Almost nine out of ten adults who bought cannabis for pain relief, and who had also used opioids in the previous six months, had either reduced or stopped opioid use as a consequence, results of a study published in the
Journal of Psychoactive Drugs
(2 July 2019) show.
Customers presenting at two retail cannabis dispensaries in Colorado, where cannabis is legal for both medical and recreational use, were invited by store staff to take part in the survey. Respondents who possessed a medical marijuana card, which allows the holder to purchase more of the drug than those without, were excluded.
Of the 1,000 respondents remaining, 647 said they used cannabis for pain relief. Of those, 319 (49%) said that had used opioid analgesics, including oxycodone, hydrocodone, tramadol or morphine, in the past six months. Of those 319, 281 (88%) said they had either stopped or reduced opioid use over that time period as a result.
As part of the survey, customers were asked whether they were recreational users, medical card holders or both. A limitation of the study, the authors acknowledge, was that the survey did not ask respondents for “their primary reason for taking cannabis” and “respondents may [cannabis] use for both symptom relief and pleasurable psychoactive effects”.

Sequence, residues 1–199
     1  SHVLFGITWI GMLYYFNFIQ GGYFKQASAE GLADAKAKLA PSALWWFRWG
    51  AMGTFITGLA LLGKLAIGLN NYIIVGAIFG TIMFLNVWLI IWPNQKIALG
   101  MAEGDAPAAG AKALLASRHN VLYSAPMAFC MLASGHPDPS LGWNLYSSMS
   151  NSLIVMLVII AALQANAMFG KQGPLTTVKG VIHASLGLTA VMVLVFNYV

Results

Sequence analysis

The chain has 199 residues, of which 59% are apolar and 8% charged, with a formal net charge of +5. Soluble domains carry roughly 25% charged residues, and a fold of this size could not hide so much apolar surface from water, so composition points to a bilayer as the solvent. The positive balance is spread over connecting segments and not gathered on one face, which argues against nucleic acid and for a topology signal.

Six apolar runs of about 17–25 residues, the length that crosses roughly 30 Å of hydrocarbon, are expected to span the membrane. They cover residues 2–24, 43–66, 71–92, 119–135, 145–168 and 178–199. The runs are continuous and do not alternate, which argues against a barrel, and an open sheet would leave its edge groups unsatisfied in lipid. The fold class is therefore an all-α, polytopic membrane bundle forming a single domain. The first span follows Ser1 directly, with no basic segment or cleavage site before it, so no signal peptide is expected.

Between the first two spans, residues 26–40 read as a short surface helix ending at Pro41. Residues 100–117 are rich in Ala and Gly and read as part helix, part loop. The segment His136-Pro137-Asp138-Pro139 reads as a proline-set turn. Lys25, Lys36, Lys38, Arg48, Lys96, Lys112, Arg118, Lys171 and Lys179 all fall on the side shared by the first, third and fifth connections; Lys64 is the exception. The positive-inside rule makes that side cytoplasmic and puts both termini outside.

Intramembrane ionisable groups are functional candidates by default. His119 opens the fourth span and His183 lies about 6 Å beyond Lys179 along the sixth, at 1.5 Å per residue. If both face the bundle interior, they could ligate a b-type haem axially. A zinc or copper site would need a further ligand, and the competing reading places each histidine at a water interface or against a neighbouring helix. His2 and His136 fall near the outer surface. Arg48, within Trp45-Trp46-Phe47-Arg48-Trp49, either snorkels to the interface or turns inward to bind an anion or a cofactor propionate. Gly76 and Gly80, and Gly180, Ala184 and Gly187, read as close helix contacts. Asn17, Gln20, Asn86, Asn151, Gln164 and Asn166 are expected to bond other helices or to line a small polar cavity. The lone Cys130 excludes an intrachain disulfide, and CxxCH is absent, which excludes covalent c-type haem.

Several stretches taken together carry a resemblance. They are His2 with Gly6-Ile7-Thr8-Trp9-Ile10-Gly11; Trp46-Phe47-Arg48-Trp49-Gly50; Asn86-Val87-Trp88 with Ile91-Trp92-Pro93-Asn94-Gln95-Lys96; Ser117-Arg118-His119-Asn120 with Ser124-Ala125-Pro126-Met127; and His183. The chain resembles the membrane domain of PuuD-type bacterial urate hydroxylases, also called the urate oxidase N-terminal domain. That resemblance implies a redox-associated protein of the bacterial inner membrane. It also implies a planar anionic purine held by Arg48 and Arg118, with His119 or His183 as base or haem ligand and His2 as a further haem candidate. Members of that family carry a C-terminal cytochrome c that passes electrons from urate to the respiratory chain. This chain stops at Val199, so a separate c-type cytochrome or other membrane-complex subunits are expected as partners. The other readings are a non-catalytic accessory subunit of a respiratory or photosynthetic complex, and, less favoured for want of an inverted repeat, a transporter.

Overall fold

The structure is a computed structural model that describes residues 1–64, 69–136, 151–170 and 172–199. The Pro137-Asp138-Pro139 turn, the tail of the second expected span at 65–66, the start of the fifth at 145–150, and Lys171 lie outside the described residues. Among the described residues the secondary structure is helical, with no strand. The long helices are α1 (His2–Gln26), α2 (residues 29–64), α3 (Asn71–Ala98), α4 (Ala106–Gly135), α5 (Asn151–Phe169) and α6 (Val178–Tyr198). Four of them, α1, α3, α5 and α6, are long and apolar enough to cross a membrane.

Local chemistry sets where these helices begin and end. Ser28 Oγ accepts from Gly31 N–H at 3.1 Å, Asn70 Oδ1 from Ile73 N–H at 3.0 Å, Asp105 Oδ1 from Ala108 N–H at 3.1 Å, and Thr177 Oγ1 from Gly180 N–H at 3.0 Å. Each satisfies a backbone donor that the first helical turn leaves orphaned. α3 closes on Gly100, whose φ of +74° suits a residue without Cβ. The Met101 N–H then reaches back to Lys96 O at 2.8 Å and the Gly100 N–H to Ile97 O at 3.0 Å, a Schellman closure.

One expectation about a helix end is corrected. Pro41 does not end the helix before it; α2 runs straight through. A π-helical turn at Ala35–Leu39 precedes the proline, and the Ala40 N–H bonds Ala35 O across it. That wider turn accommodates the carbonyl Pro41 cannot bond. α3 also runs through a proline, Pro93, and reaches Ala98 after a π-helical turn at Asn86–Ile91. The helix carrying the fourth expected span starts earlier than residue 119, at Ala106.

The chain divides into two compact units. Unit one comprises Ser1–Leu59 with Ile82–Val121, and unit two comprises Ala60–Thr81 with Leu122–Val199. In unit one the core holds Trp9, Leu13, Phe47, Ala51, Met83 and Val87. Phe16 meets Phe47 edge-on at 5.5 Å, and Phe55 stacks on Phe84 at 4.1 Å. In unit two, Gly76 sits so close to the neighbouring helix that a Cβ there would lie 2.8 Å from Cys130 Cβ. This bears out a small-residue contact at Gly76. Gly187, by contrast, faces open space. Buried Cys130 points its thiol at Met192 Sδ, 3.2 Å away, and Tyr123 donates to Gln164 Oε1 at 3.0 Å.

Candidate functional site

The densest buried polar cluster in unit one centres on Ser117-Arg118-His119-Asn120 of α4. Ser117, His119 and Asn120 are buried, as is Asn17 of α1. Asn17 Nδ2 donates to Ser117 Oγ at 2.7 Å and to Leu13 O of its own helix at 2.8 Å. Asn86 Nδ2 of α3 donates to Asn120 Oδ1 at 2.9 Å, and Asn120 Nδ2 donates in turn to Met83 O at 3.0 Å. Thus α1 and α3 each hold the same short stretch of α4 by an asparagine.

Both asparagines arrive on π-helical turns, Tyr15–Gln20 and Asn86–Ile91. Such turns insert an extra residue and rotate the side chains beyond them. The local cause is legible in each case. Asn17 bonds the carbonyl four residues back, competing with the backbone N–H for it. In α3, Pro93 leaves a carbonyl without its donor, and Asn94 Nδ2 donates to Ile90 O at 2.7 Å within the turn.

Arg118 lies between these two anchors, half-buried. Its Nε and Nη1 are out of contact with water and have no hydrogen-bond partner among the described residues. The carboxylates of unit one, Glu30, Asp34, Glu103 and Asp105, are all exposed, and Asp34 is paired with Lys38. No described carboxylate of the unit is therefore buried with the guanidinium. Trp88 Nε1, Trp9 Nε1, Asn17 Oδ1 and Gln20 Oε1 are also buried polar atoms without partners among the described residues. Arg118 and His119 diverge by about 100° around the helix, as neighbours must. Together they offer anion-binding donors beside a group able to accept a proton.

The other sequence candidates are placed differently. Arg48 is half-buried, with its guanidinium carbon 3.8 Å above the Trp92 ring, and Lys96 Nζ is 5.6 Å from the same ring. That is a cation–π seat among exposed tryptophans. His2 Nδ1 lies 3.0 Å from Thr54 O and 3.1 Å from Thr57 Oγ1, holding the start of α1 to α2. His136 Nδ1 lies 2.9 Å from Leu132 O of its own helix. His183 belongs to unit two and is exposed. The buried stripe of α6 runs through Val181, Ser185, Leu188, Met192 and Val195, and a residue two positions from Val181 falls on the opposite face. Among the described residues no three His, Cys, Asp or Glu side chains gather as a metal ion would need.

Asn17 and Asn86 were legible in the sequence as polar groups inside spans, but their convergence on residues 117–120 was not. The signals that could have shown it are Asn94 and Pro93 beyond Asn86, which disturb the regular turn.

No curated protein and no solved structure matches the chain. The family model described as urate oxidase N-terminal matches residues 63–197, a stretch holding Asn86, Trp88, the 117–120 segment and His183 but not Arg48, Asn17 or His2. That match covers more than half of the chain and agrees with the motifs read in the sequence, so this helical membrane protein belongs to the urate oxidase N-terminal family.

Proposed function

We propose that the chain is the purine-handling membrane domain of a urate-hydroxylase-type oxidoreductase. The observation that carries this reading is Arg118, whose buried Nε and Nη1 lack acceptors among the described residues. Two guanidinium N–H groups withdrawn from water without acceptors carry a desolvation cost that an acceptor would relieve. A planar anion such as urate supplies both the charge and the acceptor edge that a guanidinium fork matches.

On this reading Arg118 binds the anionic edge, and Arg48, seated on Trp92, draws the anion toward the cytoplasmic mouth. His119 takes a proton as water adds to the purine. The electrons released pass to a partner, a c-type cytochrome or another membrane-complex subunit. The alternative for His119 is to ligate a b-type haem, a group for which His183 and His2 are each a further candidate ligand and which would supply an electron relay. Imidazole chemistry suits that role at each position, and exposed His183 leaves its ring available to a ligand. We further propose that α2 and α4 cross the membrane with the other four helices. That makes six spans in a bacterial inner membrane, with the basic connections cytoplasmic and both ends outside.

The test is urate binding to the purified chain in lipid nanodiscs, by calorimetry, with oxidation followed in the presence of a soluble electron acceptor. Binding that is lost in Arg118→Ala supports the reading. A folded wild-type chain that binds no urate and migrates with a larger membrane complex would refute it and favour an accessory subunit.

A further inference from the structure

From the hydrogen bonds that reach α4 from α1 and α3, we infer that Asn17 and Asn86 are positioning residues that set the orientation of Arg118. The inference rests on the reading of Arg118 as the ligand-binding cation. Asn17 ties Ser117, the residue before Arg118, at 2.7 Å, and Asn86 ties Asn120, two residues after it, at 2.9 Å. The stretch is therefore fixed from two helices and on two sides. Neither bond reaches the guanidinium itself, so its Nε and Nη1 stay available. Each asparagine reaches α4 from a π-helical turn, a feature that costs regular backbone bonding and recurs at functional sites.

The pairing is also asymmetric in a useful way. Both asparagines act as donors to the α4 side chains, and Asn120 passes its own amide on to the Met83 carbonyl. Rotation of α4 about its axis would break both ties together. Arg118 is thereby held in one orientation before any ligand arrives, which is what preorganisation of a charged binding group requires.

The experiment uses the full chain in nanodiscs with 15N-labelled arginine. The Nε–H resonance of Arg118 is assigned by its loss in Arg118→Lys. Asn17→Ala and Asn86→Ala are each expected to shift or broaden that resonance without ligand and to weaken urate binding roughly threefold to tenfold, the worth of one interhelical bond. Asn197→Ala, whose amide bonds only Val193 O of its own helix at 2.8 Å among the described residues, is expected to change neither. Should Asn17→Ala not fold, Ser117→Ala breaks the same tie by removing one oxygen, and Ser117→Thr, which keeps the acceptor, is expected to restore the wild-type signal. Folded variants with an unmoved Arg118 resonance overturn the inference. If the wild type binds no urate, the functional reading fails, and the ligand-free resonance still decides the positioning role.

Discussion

The survey was developed by the dispensary company “to elicit customer feedback and understand customers’ use of cannabis for symptom relief”.
Gwen Wurm, assistant professor of clinical paediatrics at the University of Miami’s Miller School of Medicine and the paper’s lead author, said that the figure for those who reported stopping or reducing opioid use “corresponds with other research on medical cannabis patients in the literature”.
“Unfortunately, we don’t have specific data on prescriptions or on how much or what type of cannabis [was bought]”, she added. “What we need is more research in this area to be able to recommend effective treatments for patients.”